‘Shazam’ shows DC can compete with, and beat Marvel at its own game

Image+by+Warner+Bros.
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‘Shazam’ shows DC can compete with, and beat Marvel at its own game

Image by Warner Bros.

Image by Warner Bros.

Image by Warner Bros.

Image by Warner Bros.

By Jeremy Brown, Arts & Entertainment Editor

Shazam has always been a weird in-between hero of DC Comics ever since the character was purchased in 1972. He could never be as strong as Superman, yet almost all of his powers are the same as DC’s poster boy.

Shazam never needed to stand out against Superman through powers. What makes Shazam stand out is his potential for infectious fun, and Shazam, directed by David F. Sandberg, capitalizes on this potential with thunderous success.

Henry Gayden’s screenplay takes its time setting up the building blocks of protagonist Billy Batson’s origin, showing us his personality flaws as a runaway foster kid. He’s dejected, he’s a thief and he doesn’t take time to see the value in other people.

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All of this is sold through Asher Angel, as Billy, and Jack Dylan Grazer, as Freddie, his disabled foster brother. They don’t crack jokes constantly; rather, when it would make sense in real life and almost all land perfectly. They have a real friendship onscreen of highs and lows that serve as the real heart of Shazam‘s strengths.

It’s refreshing to be so engaged in the basic human narrative that Shazam creates, which has gutpunch scenes of jealousy, loss and desperation. The surprising amount of emotional depth makes it all the more joyful when the movie gets to let loose with the entrance of Zachary Levi.

Levi’s innocent joy at his own abilities is contagious — every time Shazam learns a new power, or overcomes a new challenge throughout the movie you can’t help but be brought up to his excitement level. Most of his time as Shazam isn’t spent fighting the movie’s villain Dr. Sivana, but rather just goofing off with his newfound superhero status.

Dr. Sivana, played with terrific camp seriousness by Mark Strong, is written as a perfect foil to Shazam. While the idea of villains being mirrored versions of the heroes in movies like Dr. Strange, Black Panther or Ant Man isn’t original, Shazam twists the trope on its head.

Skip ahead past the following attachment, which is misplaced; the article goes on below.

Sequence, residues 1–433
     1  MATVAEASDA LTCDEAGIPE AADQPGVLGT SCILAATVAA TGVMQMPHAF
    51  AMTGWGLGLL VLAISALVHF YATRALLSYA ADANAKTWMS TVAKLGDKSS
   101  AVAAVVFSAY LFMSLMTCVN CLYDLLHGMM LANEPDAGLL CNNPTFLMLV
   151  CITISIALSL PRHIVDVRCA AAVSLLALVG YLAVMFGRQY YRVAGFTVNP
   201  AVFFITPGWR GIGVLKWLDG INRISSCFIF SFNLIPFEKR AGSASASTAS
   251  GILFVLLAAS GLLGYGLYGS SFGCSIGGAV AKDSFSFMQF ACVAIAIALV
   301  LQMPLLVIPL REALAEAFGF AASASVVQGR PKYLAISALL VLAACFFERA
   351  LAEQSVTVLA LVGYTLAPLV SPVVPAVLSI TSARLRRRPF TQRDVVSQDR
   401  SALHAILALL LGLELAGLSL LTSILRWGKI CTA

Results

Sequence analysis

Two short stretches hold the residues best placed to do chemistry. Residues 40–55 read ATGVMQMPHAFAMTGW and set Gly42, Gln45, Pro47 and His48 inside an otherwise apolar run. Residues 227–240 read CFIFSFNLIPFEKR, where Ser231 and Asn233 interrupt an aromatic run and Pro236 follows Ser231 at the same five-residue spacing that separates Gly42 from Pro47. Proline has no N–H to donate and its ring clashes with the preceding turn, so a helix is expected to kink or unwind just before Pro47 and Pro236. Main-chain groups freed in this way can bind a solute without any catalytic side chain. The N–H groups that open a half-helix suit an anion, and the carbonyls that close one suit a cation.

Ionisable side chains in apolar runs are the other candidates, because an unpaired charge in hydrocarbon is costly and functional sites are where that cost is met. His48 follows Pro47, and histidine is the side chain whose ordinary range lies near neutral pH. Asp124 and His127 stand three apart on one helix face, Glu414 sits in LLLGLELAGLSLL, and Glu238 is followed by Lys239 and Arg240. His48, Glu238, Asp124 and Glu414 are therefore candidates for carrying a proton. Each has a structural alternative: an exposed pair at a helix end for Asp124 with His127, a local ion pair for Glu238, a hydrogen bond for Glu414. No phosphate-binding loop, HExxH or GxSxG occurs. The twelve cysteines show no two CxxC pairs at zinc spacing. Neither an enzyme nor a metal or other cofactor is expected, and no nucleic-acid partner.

Sivana is a painful look at how children can grow up bitter and hurt those around them, and the distinction between how he and Billy use their powers is a much better representation of differences between heroes and villains than any of the film’s contemporaries. It doubles as a message of hope for viewers, showing power is only as good as what you make of it.

While there’s an obviously large amount of CGI effects, Shazam uses them only when absolutely necessary. It makes the moments of large-scale superhero action meaningful and memorable, rather than having them all bleed together. The vast majority of the movie isn’t interested in excessive Snyder-destruction, instead showing how heroes are meant to stop such damage.

When it’s time to bring on the fights, Shazam still brings the big guns. The climactic battle between Shazam and Sivana is particularly engaging, with both characters utilizing as many of their moves as possible to take the other down. The creativity on display makes Shazam’s powers, more than just generic strength and speed, specific enough to leave you thinking about how cool it was for hours after viewing.

If last year’s Spider-Man: Into the Spiderverse proved Miles Morales can stand toe-to-toe with Peter Parker, Shazam proves Billy Batson deserves a spot as one of the greats as well. It’s not just a good action movie like Aquaman, it’s not just Big as a superhero movie — Shazam is a cathartic exercise in humor, heart and childhood power-fantasy.

Arts & Entertainment editor Jeremy Brown can be reached at [email protected]

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